History lessons can become dull when they are full of dates, long lines of royal ancestry, and political play-by-plays. There's no need to make homeschool history like that!
Studying how the people of a certain time period lived every day, including what they ate, where they worked, and how they dressed, can help bring history to life, especially for younger children. Going to museums or looking at picture books are great ways to illustrate historical concepts, but hands-on projects make for more exciting learning.
Cosplay for Learning
Short for “costume play,” cosplay is a popular hobby among both comic book and gaming fans and history buffs. War reenactments and Renaissance festivals (RenFaire being the most popular) are perfect examples of cosplay in action. The costumes are created to match the details and styles of the period for which they are trying to emulate.
Of course, creating a full-sized Elizabethan gown with embroidery and bead work, a functioning ruff, corset and all the underpinnings might be a bit more than you can fit into a daily history lesson – and probably far above your skill level, and your child’s. But there are many ways to use costuming in your history lessons, no matter your skill level or your time commitment.
Attend Festivals and Shows
Just seeing all the lavish costumes can be inspiration enough for your children. There are Renaissance Faires held in each state at different times of the year. Of course, the time period covered is the Renaissance era, so you will only find a certain kind of costume at this festival. Other great places to see historical costumes are war reenactments and historical sites, where many of the characters are dressed in historical costume. With reenactments, you can even get a front-row seat to a simulated war scene. Search for what’s local to your area. A final option is to visit a museum when there is a costume display. Many history museums will feature a costume section, though the selection may be limited.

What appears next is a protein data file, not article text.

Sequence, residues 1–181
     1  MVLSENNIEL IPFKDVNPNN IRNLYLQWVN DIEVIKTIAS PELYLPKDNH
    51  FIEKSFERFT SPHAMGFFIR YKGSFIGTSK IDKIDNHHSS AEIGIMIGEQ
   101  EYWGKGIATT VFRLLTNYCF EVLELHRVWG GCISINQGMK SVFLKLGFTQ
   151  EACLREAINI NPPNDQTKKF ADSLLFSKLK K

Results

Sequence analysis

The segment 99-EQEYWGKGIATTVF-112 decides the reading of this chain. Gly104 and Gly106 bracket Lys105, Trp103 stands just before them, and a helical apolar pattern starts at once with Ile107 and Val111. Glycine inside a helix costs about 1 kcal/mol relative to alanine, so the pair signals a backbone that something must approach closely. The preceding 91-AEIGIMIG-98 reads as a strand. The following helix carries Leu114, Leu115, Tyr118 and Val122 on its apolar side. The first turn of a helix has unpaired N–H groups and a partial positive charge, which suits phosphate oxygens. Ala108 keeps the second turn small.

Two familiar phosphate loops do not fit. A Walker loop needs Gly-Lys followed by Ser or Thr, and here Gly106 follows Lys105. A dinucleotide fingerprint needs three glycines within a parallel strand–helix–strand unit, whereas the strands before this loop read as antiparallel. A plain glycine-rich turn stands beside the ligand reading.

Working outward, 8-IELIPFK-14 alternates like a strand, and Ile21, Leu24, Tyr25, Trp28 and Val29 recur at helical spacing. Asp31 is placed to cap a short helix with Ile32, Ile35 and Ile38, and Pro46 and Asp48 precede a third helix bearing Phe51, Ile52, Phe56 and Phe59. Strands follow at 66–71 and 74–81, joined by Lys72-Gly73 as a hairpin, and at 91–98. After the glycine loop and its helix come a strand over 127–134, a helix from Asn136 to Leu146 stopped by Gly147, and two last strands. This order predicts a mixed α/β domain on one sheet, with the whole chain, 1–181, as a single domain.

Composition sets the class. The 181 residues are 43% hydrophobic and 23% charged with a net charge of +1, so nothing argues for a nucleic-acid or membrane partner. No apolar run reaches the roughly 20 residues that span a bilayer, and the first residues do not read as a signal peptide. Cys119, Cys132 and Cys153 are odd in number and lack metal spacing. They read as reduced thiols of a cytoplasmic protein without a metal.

Sew Them Yourself
If you’re up for a challenge, you can create your own historical costumes with your children. You don’t have to start from scratch. If you do want to cut and sew your own costume, you can buy a pattern from a local fabric store. Patterns are available for many different kinds of historic dress. If you do choose to sew your own costume, you can easily combine the lesson with an arts or “home ec” lesson.
If you don’t want to sew the whole costume, you can find used clothing to alter to your needs. An old long-sleeved shirt would be easy enough to convert into a tunic with a slit at the neckline and some string. Likewise, a corset could be worn over a blouse and billowy skirt to create a female costume. Help you children think creatively by looking at ways they can transform objects by adding some elements and taking away others.
If you don’t want to sew any of the costume, there are tools that can help you “sew” without ever having to thread a needle, including fabric glues and fusible fabrics.
Bio: Lisa Shoreland is currently a resident blogger at Go College, where recently she's been researching scholarships for music students. In her spare time, she enjoys creative writing, taking weekend trips, and practicing martial arts.
Are your kids into cosplay? Have they made any historical costumes?
Photo courtesy of Steven Groves from FlickR under a creative commons license.